Jesus’ transfiguration defies reason and expectation. And maybe that’s the point. God cannot be contained even by brilliant human intellect, systems, and institutions. Perhaps this incident served to enlarge the disciples’ understanding of God beyond their imagination and experience. It blew their minds and their limited understanding of Jesus’ identity and mission. I’ve always been sympathetic to Peter as he tries to bluff his way out of fear and trembling by commodifying (and thus controlling) this incomprehensible vision. I do the same whenever I “faithsplain” – and try to answer the questions that most trouble us.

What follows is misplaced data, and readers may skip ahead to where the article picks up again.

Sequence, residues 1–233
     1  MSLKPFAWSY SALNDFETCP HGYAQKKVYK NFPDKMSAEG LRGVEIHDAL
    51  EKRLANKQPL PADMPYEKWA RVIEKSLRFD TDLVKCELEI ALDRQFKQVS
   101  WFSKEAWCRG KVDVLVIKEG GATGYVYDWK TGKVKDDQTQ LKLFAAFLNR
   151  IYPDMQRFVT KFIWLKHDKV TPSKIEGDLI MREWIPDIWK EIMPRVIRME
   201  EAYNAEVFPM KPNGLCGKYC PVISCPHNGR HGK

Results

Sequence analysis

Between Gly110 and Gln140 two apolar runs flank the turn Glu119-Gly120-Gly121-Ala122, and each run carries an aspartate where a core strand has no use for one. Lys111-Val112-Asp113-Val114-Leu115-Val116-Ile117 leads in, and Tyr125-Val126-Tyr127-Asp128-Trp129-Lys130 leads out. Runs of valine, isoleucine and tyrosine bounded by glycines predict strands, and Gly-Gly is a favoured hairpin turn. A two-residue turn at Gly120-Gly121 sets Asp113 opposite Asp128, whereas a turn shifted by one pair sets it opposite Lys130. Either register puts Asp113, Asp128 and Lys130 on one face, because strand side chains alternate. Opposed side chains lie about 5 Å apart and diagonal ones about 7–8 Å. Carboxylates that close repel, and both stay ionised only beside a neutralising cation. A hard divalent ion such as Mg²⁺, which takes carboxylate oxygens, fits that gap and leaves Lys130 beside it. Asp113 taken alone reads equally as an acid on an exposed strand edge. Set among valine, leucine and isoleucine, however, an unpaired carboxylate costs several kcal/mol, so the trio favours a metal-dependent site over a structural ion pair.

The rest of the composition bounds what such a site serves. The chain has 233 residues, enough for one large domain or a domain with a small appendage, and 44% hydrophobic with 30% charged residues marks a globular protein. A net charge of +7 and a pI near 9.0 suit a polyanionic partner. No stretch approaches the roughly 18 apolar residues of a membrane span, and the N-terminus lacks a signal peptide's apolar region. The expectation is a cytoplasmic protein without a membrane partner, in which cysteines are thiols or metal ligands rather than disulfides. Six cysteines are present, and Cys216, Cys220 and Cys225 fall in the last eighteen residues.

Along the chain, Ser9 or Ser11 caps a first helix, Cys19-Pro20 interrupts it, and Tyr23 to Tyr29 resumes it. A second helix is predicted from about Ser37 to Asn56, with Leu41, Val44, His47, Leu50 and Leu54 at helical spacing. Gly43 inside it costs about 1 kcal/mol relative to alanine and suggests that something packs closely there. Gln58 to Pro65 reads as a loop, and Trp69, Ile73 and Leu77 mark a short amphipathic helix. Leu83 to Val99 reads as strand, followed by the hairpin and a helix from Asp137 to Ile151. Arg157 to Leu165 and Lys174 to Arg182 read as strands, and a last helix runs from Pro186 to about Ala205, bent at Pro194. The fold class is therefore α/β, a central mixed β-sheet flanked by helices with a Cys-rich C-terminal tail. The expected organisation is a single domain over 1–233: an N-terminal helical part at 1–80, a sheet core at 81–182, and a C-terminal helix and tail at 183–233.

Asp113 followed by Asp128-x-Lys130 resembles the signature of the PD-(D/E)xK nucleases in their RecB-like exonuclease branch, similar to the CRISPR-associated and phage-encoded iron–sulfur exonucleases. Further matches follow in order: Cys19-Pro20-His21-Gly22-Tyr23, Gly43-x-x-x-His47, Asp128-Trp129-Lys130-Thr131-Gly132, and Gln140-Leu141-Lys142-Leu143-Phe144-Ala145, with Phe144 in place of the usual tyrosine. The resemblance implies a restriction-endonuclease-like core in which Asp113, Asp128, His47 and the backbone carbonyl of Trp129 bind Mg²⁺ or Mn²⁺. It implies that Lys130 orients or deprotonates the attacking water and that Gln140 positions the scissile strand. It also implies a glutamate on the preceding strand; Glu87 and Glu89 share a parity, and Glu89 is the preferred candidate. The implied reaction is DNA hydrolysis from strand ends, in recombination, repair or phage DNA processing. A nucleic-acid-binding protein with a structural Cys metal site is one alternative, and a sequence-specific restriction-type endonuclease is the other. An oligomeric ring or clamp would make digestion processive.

Questions like “If God’s so good, why is the world so messed up?” and “Why didn’t our prayers for our ill child work?” “Is there ever going to be peace on earth, goodwill to all and if so, why is it taking so long?” Best-selling author, hospital chaplain and Duke Divinity School professor Kate Bowler eloquently challenges even well-meaning “explanations” of these hard problems in her book with a telling title: Everything Happens for a Reason—and Other Lies I’ve Loved. She counsels silence in the face of these unanswerable questions, and prays for blessing upon all whose dreams have disappeared, who wonder how to become whole again; when those familiar strategies of mastery, control, determination and grit fall miles short.

I’m pretty sure that “blessing” will not be found in talking, no matter how positive and uplifting we intend.